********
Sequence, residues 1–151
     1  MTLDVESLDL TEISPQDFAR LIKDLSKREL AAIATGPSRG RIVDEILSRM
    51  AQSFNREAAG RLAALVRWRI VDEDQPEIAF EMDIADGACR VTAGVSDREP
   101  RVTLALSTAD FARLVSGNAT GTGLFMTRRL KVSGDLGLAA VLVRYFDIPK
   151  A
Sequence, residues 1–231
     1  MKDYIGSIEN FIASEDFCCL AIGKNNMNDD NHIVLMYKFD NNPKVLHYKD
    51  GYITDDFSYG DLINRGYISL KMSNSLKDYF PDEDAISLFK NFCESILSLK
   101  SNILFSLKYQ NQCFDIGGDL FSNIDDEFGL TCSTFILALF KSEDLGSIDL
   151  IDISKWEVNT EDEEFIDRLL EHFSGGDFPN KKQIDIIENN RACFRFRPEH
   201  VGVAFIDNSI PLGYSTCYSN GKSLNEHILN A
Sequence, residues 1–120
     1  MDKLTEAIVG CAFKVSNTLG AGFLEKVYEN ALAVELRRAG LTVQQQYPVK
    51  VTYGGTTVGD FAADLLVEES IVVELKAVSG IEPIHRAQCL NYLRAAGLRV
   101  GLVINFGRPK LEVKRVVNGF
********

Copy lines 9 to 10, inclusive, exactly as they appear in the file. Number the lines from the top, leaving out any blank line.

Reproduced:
   101  SNILFSLKYQ NQCFDIGGDL FSNIDDEFGL TCSTFILALF KSEDLGSIDL
   151  IDISKWEVNT EDEEFIDRLL EHFSGGDFPN KKQIDIIENN RACFRFRPEH